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Eastchester Teachers Create 3D Shields

 
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Eastchester Teachers Create 3D Shields
by Eastchester District Website Administrator - Thursday, April 16, 2020, 5:57 PM
 

Mr. Rich and Mr. O'Neil making masksAs the plight of health care workers on the frontline grew, longtime Eastchester teachers Dave O'Neil and Anthony Rich knew the 3D printers that the Discover Camp loans the District could be used now to make a difference.   

O'Neil and Rich are using the machines to make face shields for public health workers in hospitals that tend to patients during the COVID-19 outbreak.  

"Right when this started, I had read an article on the shortage of shields and did a quick google search and found that a design had already been rendered," said O'Neil.  I then called up Anthony and we had two dozen printers operating within a day." 

Making masksO'Neil continued, "We also understood that 3D printing was only half of the solution.  We then deployed two camp owned laser cutters to create the face shield portion that attaches to the 3D printed headpiece." 

O'Neil teaches fifth grade at Anne Hutchinson and Rich teaches technology at Anne Hutchinson, Greenvale and Eastchester Middle School. They have assembled a dozen teachers in the tri-state area to make shields using Discover Camp's 60 3D printers.   Discover Camp was started in 2008 and evolved into a STEM camp.  The camp's printers get loaned to public schools of camp employees during the school year, 24 of which are used in Eastchester.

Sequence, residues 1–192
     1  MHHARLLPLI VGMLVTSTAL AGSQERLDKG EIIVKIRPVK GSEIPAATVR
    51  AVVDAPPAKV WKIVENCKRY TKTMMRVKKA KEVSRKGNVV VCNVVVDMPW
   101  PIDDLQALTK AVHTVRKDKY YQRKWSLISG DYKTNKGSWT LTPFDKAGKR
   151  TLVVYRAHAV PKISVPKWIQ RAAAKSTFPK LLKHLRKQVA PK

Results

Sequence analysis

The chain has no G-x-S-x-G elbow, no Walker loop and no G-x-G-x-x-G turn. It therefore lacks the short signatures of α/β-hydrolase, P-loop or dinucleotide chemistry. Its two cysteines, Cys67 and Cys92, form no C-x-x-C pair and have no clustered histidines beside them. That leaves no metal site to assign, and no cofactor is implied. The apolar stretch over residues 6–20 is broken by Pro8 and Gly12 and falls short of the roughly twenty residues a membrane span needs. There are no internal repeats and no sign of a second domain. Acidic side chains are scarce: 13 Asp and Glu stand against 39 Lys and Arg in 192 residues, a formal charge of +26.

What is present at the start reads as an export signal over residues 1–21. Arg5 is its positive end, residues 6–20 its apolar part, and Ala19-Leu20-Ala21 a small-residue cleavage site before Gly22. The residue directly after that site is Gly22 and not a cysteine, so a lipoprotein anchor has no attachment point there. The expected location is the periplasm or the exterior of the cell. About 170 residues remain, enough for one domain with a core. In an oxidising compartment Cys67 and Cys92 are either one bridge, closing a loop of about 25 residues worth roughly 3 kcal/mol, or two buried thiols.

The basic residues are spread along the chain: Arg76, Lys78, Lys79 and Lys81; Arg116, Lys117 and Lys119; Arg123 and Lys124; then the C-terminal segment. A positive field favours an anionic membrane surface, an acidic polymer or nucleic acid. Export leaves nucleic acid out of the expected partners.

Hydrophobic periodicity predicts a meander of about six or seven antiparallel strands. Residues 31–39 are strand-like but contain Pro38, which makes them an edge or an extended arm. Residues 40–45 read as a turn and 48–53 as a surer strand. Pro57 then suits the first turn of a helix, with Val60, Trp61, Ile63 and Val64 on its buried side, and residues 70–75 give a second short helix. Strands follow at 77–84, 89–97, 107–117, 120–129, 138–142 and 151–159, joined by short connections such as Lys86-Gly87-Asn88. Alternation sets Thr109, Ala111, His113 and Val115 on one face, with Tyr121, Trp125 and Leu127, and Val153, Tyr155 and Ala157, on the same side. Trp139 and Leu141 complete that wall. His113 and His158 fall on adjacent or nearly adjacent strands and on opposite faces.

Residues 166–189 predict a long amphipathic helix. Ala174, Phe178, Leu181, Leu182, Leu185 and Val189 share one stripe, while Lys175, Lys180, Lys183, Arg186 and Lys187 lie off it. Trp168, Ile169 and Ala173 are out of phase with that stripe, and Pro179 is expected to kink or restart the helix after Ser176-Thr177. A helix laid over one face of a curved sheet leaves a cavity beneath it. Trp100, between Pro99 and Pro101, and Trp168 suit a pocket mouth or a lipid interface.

Each side of the shield is protected with a film layer that health professionals can peel off and clean. The workers then place the protection over their N95 masks. The shields are reusable and one of the original shields has been being used since the outbreak first hit Westchester Medical Center.  

To date, the teachers created more than 2,500 shields, and they have enough supplies to make 16,000 as a result of generous donors who contributed to a Go Fund Me Page called, "Shields for Our Heroes."

O'Neil and Rich teach their students and campers about the real-world use of 3D printers but never expected that they would use the machines in this way.

Local PTAs and foundations not only continue to make monetary donations but some have donated printers that will then be returned to their home schools.

"It's a brilliant way to not only help out the cause but to support STEM education in their own schools," Rich said. "Printing the shields have been a distraction from the daily news.  We're printing usually 16-18 hours a day.  Having doctors, nurses and other health professionals coming to pick up shields every day and showing their appreciation really makes it all worth it. "Our students are also getting involved with a STEM challenge to create something that will help hospital workers"

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